pierces the insulation surrounding the wire to establish electrical contact, as the wire is inserted to a proper depth.  The contacts 30 and 31 are mounted so that the end portions 32 of the first row of contacts 30 protrude through the top surface 12 of
the housing, while the end portions 33 of the second row of contacts 31 protrude through the bottom surface 13 of the housing.  As best seen in FIGS. 4-6, the end portions 32 are not vertically aligned with the end portions 33, but rather are laterally
displaced relative to the end portions 33.  The end portions 32 and 33 are also aligned with corresponding slits 16 in the top and bottom caps 14 and 15, so that wires 60 and 61 may be inserted through the slits 16 in the top and bottom caps 14 and 15
for electrical connection to the end portions 32 and 33, respectively.


The remainders of the contacts 30 and 31 (besides the end portions 32 and 33) are known as the stem portions 42 and 43, respectively.  The stem portions 42 and 43 extend into the body portion 11 of the housing.  As illustrated in FIG. 2, the
faces of the end portions 32 and 33 are advantageously disposed at an angle of approximately 45 degrees with respect to a plane of the stem portions 42 and 43.  As illustrated in FIG. 3, the stem portion 42, 43 of each contact 30, 31 extends from the end
portion 32 and 33 at a first angle .theta..sub.1 from an edge of the end portion in the plane of the longitudinal axis, and further down the stem, extends at a second angle .theta..sub.2 from the edge of the end portion.


In this illustrated example, .theta..sub.1 is 17 degrees and .theta..sub.2 is 2 degrees.  Typically, .theta..sub.1 is in the range of 10 to 20 degrees, while .theta..sub.2 is in the range -10 to +20 degrees.  Use of a double angle can be
advantageous in narrowing the width of the body portion 11 of the housing, by permitting the end portions to be placed closer together.  However, stem portions 42 and 43 disposed at a single angle relative to the end portion 32,33 may be employed.  It
will be appreciated that the contacts 30 and 31 in the first and second rows may be identical, but oriented in opposite directions.


The stem portions 42 and 43 each include a pair of raised portions 44 and 45, which may be plated with a precious metal or alloy to provide an improved electrical contact point.  As illustrated in FIGS. 4-6, these raised portions 44 and 45 can
establish two potential points of electrical contact 38 and 39 for each stem portion 42, 43 with an electrical lead.


Each top point of contact 38 (produced by raised portion 44 in the first row of contacts 30 and produced by raised portion 45 in the second row of contacts 31) is aligned with a slot 17 in the top surface 12 of the housing.  Each bottom point of
contact 39 (produced by raised portion 45 in the first row of contacts 30 and produced by raised portion 44 in the second row of contacts 31), is aligned with a slot 18 in the bottom surface 13 of the housing.


As illustrated in FIG. 4, the top point of contact 38 produced by the raised portion 44 on the stem portion 42 of the contact 30 in the first row of contacts does not normally physically or electrically contact the top point of contact 38
produced by the raised portion 45 on facing corresponding stem portion 43 of the contact 31 in the second row of contacts.  This is because the connector module of the present invention is a "normally open" connector module by design.  The angles
.theta..sub.1 and .theta..sub.2 of the stems portions 42 and 43 may be set such that facing stem portions 42 and 43, as illustrated in FIG. 4 do not contact each other in an electrical sense or physical sense.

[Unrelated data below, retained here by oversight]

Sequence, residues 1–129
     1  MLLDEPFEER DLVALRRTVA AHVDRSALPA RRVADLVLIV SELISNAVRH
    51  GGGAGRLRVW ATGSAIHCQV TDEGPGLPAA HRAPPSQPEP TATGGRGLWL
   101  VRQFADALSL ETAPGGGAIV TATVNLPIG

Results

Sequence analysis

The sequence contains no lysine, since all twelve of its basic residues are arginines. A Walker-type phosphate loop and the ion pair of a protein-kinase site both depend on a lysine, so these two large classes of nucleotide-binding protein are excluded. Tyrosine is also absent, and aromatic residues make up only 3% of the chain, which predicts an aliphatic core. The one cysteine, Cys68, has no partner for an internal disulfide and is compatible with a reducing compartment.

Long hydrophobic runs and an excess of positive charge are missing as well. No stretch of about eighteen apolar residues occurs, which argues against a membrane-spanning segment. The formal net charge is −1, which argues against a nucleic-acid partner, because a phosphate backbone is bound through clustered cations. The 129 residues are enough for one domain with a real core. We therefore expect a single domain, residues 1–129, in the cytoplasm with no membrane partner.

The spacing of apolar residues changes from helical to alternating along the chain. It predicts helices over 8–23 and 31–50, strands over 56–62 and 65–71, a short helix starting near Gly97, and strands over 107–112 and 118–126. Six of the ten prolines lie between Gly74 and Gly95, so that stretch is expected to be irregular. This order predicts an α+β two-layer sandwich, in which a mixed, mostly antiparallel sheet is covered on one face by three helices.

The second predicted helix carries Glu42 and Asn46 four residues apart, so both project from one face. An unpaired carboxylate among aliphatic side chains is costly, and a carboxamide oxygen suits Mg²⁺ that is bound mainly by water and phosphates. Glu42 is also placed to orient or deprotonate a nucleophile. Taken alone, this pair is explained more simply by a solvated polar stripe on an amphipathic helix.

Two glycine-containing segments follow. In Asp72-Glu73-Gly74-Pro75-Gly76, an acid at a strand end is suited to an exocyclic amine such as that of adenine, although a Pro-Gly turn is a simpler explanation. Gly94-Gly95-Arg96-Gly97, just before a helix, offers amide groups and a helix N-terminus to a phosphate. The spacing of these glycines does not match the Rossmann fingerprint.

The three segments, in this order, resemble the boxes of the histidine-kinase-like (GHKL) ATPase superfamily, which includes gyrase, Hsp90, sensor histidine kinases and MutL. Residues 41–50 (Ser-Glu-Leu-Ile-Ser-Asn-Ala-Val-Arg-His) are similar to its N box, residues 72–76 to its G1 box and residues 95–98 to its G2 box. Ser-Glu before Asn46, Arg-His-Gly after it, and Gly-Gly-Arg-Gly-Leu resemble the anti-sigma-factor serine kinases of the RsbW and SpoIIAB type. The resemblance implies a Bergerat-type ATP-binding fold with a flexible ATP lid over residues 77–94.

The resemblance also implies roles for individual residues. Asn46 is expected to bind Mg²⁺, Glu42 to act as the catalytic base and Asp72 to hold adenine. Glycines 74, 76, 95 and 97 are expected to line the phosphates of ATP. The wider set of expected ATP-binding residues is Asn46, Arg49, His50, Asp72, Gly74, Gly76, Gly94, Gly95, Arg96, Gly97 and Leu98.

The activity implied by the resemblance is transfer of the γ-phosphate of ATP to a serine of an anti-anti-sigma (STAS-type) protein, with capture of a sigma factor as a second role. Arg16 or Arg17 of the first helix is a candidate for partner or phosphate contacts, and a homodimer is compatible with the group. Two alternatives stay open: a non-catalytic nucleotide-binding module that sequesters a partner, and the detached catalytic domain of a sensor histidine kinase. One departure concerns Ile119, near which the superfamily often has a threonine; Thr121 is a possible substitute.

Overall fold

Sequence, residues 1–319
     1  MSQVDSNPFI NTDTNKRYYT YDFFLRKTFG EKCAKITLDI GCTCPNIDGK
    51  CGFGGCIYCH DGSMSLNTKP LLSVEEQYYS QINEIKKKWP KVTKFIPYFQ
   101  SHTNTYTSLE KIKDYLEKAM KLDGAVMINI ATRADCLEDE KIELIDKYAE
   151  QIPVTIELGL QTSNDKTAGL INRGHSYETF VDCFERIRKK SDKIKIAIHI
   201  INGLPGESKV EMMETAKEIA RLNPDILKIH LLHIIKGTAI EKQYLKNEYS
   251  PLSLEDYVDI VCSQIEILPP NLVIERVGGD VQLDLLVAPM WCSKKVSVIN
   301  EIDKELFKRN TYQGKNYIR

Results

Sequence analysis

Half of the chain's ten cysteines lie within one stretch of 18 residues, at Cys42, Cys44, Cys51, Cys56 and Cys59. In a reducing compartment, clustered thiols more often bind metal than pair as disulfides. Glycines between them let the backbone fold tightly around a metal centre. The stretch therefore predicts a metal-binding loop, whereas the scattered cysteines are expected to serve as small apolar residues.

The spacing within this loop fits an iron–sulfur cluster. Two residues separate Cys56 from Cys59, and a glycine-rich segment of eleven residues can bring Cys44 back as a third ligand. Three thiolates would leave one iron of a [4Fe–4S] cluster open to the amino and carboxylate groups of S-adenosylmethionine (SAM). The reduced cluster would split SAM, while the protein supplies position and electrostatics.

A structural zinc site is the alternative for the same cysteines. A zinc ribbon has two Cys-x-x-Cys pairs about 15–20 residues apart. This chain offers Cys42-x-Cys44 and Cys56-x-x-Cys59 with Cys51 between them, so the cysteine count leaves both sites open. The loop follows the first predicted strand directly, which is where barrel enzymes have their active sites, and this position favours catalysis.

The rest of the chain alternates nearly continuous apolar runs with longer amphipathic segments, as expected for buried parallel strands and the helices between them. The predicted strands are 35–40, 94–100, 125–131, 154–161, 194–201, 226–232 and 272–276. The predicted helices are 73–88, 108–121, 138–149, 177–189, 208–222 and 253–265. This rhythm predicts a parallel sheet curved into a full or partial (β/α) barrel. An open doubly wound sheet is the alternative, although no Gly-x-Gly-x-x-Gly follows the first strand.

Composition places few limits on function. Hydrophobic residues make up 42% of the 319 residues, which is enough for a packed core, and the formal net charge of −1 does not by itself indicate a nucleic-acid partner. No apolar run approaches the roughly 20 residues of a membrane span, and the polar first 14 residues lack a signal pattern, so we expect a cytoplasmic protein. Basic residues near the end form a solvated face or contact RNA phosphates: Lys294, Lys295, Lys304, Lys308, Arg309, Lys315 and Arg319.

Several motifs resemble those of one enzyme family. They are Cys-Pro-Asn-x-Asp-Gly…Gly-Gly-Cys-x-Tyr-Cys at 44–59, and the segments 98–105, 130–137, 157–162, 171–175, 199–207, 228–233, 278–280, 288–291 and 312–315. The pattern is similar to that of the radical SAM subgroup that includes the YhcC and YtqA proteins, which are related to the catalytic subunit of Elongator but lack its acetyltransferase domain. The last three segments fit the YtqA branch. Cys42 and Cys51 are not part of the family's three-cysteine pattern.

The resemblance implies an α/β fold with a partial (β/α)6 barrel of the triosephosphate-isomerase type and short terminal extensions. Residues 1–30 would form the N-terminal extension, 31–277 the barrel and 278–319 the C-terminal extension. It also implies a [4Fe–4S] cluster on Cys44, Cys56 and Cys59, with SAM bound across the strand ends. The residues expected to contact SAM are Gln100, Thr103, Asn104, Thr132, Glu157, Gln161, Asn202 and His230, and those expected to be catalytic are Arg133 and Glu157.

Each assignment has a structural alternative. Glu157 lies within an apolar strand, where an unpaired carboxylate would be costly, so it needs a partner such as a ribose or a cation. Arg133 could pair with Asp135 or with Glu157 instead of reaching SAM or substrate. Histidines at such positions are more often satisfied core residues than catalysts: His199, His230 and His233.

Alternatively, or in additional to the angle selections .theta..sub.i and .theta..sub.2, a spacer 50 may be placed between the stem portions 42 and 43.  The spacer 50 would be formed of an electrically non-conductive material, such as plastic. 
The spacer 50 could be a part of the housing which is formed integrally with the housing during the initial molding process of the housing or could be later welded to the housing.  In one embodiment, separate spacers 50 would be welded into each chamber,
housing each facing set of stem portions 42 and 43.  In another embodiment, the spacer 50 would extend between the side walls of the body portion 11 of the housing in a direction parallel to the row of slots 17 in the top surface 12, and would be located
in a top-to-bottom middle section of the body portion 11 (halfway between the top surface 12 and bottom surface 13), and in a front-to-back middle section of the body portion 11 (halfway between the first row of slots 17 and the second row of slots 18,
which are laterally displaced as can be seen in FIGS. 4-6).


As illustrated in FIG. 4, the stem portions 42 and 43 would physically contact the spacer 50 in their normal state, and the spacer 50 would prevent any electrical connection between the facing stem portions 42 and 43.


As illustrated in FIG. 5, when a lead 40, coupled to a protector 21, (or to a patch cord), is inserted into a bottom slot 18, it will initially push apart the facing stem portions 42 and 43 at the lower contact point 39, aligned with the slot 18. The stem portions 42 and 43 at the upper contact point 38 will continue to remain disconnected.  It will be appreciated that the same principles operate in reverse if the lead 40 were inserted from the top slot 17.  In either circumstance, i.e.,
insertion from the bottom slot 18 or the top slot 17, current between the contacts 30 and 31 will flow only through the protector 21.


FIG. 6 illustrates providing test access to the contacts 30 and 31.  As illustrated in FIG. 6, a lead 41 is attached to a test cord 22 and is inserted into a top slot 17 on the top surface 12 of the housing.  The test lead 41 will slightly push
apart the facing stem portions 42 and 43 at the upper point of contact 38.  However, due to the bending angles .theta..sub.1 and .theta..sub.2 and moments previously described, the stem portions 42 and 43 will remain in contact with the lead 40 of the